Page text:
Slap bass as used in New Orleans Jazz, "Hillbilly" and "Country" Music in the late 19th Century seems to have been considered a novelty. This may be why the Bass Player was considered a "clown" or "comedian" in many bands. Taking a Bass break was like telling a one-liner joke. The break was also used by the other members of the band to maybe get a quick drink, tune their instrument, or maybe discuss what the next song might be in the set. Sometimes the solo might start out with a non slap solo and evolve into a slap solo by the end. Many times the solo might end with the Bass Player standing on, or riding, or throwing his Bass in the air be fore he was done.
Here is a video of the "Flatt and Scruggs" TV show from the early 1960's that encompasses about everything the "Bass Player" was supposed to be in a Bluegrass Band - Dressed different - "funny", making funny faces, even almost dropping his bass near the end. This is "Cousin Jake"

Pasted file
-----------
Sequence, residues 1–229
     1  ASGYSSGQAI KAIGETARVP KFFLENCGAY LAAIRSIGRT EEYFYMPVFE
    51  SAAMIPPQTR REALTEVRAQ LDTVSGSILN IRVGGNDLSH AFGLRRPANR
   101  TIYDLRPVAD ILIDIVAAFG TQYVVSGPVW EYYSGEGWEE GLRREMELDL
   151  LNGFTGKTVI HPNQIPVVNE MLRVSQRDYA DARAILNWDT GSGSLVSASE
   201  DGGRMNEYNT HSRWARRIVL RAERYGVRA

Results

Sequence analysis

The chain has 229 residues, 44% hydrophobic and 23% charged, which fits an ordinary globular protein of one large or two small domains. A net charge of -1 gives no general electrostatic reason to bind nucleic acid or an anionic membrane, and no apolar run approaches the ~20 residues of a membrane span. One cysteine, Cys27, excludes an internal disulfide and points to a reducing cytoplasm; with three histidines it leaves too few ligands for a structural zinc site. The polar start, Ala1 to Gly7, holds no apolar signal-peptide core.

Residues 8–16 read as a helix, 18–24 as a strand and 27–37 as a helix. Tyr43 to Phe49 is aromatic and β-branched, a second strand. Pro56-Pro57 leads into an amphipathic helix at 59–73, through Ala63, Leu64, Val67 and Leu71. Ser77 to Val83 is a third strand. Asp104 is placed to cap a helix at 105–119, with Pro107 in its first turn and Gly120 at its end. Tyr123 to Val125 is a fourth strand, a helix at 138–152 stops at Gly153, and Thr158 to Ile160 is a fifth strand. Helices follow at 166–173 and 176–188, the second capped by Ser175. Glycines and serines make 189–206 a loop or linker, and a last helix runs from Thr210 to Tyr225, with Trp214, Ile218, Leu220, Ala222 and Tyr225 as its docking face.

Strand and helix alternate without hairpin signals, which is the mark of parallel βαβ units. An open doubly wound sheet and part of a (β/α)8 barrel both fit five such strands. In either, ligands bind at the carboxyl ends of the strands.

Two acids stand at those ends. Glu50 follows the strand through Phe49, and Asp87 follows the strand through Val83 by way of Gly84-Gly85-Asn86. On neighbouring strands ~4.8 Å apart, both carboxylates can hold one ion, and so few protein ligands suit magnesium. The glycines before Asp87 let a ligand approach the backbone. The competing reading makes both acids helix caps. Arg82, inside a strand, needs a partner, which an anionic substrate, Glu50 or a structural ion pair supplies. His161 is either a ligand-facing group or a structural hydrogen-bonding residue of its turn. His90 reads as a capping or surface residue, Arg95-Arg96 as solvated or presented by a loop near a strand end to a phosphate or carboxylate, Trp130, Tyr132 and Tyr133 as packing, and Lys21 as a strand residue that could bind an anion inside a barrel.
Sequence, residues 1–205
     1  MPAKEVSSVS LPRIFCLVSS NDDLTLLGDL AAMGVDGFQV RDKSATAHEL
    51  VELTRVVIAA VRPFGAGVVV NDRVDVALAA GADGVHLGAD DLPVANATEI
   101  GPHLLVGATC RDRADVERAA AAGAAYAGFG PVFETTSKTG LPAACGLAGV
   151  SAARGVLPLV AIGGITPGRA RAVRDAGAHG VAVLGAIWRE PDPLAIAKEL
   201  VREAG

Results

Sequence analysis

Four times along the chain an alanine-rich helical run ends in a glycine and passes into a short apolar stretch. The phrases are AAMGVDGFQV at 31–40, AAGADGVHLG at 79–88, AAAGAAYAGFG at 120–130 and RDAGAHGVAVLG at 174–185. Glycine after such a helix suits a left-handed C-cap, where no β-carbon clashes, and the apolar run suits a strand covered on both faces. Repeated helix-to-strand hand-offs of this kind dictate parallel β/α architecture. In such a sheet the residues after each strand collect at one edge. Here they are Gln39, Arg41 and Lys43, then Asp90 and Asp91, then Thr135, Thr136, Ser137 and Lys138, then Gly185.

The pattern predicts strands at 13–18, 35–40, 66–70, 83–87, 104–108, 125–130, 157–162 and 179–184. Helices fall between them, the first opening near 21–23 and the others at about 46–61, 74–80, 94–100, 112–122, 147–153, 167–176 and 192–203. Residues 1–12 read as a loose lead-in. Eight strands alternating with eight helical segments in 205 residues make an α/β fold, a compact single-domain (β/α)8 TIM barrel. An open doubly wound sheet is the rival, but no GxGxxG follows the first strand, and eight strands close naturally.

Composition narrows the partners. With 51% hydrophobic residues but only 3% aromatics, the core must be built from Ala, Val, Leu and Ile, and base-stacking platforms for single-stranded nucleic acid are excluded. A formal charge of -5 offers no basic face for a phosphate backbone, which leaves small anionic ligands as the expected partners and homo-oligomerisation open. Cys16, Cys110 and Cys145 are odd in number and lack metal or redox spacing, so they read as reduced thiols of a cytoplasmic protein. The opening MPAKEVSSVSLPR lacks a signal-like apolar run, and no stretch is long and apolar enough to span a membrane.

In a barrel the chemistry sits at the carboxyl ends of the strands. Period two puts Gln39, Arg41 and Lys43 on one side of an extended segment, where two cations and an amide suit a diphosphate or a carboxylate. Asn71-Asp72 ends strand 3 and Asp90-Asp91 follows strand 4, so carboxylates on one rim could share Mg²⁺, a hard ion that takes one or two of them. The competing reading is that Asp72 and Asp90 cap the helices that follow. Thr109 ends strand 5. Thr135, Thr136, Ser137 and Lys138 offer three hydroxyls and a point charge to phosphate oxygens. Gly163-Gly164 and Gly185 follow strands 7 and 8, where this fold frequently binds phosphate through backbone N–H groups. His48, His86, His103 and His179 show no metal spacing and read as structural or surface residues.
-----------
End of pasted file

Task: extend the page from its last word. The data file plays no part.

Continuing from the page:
By the time this TV show spot was shown, Flatt & Scruggs had been playing for over 10 years together. Much had changed in "Country" music during that time. One of the biggest changes was the new "Rockabilly" music that had invaded the airwaves of "Country". This invasion by a young truck driver from Memphis Tennessee, along with his "Bluegrass" slap bass player, and Chet Atkins style guitar player, would forever change music and upright slap bass playing.